MORE than £120million worth of old pound coins are still missing three years after they stopped being legal tender.

The Royal Mint said that while over the last three years £1.58billions worth of old pound coins were returned, 122 million were never sent back.

The new 12-sided coins were made by The Royal Mint, based in south Wales, to replace the old design in a bid to stop counterfeits being created.

The old coins were replaced by the newer versions in October 2017 because fake coins “could not readily be distinguished from the genuine” coins.

Some 122 million old coins are still outstanding despite the tender no longer being legal.

The Royal Mint said the old pound coins can still be deposited at most high-street banks.

Some 1.5million counterfeit coins were among the one pounds returned and melted down.

A Royal Mint official said their "internal records show since 2017 approximately 1.45 million counterfeits have been returned, though this is a significant underestimate".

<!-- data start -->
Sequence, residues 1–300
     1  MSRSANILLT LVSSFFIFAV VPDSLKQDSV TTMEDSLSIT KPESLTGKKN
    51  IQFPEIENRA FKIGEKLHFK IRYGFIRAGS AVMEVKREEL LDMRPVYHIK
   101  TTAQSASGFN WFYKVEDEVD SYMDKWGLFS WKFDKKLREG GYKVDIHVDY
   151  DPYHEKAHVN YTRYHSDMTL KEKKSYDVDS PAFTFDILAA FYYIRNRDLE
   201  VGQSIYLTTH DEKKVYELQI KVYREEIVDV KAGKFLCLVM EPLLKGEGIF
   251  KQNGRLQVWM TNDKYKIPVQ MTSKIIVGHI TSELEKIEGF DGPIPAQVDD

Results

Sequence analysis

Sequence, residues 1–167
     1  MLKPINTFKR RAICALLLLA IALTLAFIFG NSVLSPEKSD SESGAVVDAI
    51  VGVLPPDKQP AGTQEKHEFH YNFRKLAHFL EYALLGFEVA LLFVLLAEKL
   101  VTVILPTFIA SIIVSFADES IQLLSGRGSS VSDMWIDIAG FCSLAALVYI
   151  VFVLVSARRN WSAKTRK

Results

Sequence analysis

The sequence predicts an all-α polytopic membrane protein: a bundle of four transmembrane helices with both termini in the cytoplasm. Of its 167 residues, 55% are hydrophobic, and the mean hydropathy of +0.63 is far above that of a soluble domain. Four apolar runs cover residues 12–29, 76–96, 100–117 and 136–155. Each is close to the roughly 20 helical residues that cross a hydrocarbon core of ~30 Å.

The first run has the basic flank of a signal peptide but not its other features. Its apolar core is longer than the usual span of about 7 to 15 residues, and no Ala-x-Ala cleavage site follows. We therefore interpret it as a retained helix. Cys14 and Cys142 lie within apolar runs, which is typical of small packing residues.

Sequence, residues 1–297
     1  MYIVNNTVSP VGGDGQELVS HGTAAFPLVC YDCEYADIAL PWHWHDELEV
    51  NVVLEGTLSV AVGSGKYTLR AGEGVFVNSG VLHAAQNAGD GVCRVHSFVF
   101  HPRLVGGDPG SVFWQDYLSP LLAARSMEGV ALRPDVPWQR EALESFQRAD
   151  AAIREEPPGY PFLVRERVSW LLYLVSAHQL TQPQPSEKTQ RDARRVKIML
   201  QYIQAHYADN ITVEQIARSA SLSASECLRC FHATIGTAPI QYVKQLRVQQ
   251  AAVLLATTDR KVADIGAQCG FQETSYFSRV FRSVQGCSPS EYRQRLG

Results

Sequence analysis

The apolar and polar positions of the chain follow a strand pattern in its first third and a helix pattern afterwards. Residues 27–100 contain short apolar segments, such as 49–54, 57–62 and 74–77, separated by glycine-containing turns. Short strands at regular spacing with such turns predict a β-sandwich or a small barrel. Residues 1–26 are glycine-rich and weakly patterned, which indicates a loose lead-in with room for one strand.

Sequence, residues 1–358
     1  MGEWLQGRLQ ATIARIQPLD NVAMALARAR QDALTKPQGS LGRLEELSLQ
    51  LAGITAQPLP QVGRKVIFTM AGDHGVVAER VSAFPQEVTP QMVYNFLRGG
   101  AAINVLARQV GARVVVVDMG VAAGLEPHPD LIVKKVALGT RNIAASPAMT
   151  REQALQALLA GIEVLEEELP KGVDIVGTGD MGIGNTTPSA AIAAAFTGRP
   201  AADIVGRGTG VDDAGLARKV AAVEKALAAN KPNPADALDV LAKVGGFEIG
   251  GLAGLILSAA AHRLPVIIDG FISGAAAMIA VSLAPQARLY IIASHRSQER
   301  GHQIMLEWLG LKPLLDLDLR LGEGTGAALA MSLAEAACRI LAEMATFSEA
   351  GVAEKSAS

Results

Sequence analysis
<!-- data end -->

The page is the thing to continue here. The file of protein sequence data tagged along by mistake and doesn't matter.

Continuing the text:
There were roughly 1.7billion round £1 coins in circulation at the start of the six-month transition period in early 2017.

£122million pounds worth of the old coins are still outstanding despite the tender no longer being legal.

About 138 million round pound coins have been melted down to help create some of the new ones at The Royal Mint's base in Llantrisant, near Cardiff.

The newer design has been described by The Royal Mint as the most "secure in the world", with a string of anti-counterfeiting details embedded into it.

These include a hologram and micro-sized lettering inside both of the rims.

It also has material inside which can be detected when electronically scanned by coin-counting or payment machines.